Way to Win (also known as Way to Win Action Fund) is an organizational strategy hub for left-leaning organizations that helps identify key elections that the Democratic Party needs to win in order to gain control of various legislative bodies. Way to Win then directs the efforts of other left-leaning donors and organizations towards those key campaigns. Since its founding in 2018, Way to Win has published detailed, data-based reports that explain key elections and encourage support from left-of-center donors and activists. 
Plan to Win
In the leadup to the 2020 election, Way to Win published the “Plan to Win,” an in-depth strategy guide for Democrats to regain control of the White House, U.S. Senate, and several state governments.  The most detailed portions of the plan were shared only with left-of-center member organizations, but the publicly available summary shows that the plan focused on elections in eleven states, including Arizona, Georgia, North Carolina, Texas, Florida, Michigan, Pennsylvania, Colorado, Minnesota, Nevada, and Virginia. 
In 2021, Way to Win partnered with Data for Progress to produce “Beyond Trump: A Theory of Political Transition,” a report that used historical and present-day data to present an argument for shifting the Democratic Party’s policy in a far-left direction and a plan for how to do it. 
The report’s central contention is that left-progressive activists need to build stronger nonprofit institutions to influence the Democratic Party and move it further left, rather than allowing the Democratic Party to direct the nonprofit base of support.  The report also argues that the Republican Party is mainly pushed by outside institutions supporting conservative ideas, while the Democratic Party is directed by establishment politicians and party officials.  The organization claims that, after winning the 2020 elections, it is just as vital that left-wing activists win “the battle for the soul of the Democratic party” against the more moderate center of the party.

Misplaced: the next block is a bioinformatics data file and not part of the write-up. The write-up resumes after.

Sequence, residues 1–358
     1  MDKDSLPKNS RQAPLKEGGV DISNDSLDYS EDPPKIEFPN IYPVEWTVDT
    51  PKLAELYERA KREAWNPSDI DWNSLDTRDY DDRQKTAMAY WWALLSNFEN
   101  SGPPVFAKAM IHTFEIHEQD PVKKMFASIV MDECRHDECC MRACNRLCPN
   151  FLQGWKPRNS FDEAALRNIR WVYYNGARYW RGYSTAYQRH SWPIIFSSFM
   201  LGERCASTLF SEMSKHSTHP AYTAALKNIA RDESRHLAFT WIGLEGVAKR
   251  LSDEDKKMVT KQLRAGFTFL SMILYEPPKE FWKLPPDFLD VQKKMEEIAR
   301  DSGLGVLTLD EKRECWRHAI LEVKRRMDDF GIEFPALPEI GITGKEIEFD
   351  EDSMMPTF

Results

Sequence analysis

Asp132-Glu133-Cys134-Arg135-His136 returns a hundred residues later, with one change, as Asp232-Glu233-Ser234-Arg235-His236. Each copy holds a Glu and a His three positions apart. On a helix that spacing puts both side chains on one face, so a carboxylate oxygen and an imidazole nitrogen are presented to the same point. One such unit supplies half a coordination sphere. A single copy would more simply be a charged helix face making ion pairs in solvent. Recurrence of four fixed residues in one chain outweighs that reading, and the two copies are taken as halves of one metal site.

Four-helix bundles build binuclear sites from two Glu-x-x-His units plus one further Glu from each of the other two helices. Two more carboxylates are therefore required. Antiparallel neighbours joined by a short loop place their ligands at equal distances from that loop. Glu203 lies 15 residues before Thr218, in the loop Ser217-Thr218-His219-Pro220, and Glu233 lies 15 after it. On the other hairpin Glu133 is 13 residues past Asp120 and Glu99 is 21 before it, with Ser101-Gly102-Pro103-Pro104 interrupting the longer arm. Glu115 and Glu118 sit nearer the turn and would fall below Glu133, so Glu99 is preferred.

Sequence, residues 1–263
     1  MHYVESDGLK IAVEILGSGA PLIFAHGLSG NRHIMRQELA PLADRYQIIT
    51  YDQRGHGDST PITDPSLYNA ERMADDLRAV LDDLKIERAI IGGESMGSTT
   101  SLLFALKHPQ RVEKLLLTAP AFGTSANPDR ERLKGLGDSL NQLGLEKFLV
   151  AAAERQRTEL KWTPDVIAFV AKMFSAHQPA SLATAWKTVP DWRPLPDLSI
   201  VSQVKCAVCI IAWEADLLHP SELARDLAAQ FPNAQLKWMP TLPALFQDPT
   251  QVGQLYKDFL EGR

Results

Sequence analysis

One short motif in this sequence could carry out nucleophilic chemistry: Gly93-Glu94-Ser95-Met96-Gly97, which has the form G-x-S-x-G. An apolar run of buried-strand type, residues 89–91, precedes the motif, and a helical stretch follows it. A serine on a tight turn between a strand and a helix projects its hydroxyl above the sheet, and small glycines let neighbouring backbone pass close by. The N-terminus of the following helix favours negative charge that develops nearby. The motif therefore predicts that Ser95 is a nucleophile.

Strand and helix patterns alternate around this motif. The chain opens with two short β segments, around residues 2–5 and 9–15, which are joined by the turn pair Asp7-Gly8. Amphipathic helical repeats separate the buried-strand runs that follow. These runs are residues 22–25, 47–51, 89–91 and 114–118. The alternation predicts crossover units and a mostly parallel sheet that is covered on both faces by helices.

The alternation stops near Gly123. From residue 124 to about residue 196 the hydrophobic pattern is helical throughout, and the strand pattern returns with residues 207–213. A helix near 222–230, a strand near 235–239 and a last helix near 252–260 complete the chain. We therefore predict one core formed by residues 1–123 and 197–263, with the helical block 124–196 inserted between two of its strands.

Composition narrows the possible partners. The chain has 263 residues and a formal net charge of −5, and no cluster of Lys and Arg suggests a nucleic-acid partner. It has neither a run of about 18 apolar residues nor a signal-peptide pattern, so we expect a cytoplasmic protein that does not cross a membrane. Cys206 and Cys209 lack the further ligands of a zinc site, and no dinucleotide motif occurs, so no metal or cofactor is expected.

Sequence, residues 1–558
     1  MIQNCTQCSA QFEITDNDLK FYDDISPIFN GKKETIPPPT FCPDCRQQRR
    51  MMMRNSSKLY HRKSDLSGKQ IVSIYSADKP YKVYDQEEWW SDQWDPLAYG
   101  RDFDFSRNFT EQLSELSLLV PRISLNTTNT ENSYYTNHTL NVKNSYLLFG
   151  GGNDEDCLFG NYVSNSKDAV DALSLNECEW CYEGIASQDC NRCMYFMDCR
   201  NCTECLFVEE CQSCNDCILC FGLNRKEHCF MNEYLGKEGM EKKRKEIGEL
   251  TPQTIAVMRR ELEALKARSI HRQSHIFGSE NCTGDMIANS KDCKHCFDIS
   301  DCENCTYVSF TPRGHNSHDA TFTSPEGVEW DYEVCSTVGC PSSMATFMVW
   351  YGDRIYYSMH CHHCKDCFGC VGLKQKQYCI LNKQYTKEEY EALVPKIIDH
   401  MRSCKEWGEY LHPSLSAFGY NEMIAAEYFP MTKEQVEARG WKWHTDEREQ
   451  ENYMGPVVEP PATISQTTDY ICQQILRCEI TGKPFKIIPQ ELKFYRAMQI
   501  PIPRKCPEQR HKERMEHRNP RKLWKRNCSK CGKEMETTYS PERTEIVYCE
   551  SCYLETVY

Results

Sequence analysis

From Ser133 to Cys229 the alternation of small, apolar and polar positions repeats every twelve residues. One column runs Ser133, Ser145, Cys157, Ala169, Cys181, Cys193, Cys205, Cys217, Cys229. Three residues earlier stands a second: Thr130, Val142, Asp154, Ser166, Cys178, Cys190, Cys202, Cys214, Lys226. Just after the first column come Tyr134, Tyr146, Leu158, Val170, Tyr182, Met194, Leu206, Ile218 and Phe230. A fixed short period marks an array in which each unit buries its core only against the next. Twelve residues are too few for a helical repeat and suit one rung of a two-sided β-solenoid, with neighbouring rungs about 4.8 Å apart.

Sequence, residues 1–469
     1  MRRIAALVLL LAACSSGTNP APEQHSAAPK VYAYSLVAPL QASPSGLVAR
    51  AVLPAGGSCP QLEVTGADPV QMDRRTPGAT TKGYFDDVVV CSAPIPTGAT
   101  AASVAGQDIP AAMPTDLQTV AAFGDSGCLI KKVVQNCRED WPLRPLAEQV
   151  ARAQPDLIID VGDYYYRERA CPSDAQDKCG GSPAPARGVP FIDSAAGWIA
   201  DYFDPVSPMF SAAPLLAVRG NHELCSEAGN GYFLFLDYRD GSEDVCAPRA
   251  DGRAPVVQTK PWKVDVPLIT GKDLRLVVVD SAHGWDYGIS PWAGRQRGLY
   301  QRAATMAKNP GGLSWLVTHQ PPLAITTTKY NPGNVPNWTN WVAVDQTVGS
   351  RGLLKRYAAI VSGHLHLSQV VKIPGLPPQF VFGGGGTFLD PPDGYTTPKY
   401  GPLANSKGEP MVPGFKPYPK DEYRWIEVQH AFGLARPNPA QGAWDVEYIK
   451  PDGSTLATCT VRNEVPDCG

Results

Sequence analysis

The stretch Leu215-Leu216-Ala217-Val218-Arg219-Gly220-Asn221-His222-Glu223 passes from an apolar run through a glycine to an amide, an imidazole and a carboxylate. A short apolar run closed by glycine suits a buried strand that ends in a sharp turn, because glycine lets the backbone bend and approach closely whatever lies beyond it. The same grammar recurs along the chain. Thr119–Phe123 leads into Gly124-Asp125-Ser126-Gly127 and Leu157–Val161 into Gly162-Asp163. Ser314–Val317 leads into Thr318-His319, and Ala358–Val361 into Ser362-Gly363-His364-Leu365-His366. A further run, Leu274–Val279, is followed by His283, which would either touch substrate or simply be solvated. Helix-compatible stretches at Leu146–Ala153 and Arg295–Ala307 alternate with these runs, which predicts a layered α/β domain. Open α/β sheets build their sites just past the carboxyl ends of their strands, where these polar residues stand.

Way to Lead PAC
Way to Win also operates an affiliated PAC called the Way to Lead PAC.  According to Federal Election Commission (FEC) reports, the PAC was the most active during the 2019-2020 election cycle, raising $2.4 million in contributions and spending $2.2 million.  Way to Lead received funding from a number of sources, including the Way to Lead Sate Power Committee, an affiliate of the Way to Lead PAC, and wealthy left-leaning mega-donors including Andrea Soros, Susan Pritzker, Rebecca Liebman, and Patricia Stryker.  Way to Lead made contributions to several left-leaning PACs, including the United We Dream PAC, the New South Super PAC, the CASA in Action PAC, and the WIN Justice PAC.  In total, Way to Lead contributed $1.4 million to other PACs, but also spent roughly $76,000 on its own advertisements attacking former President Donald Trump and supporting President Joe Biden.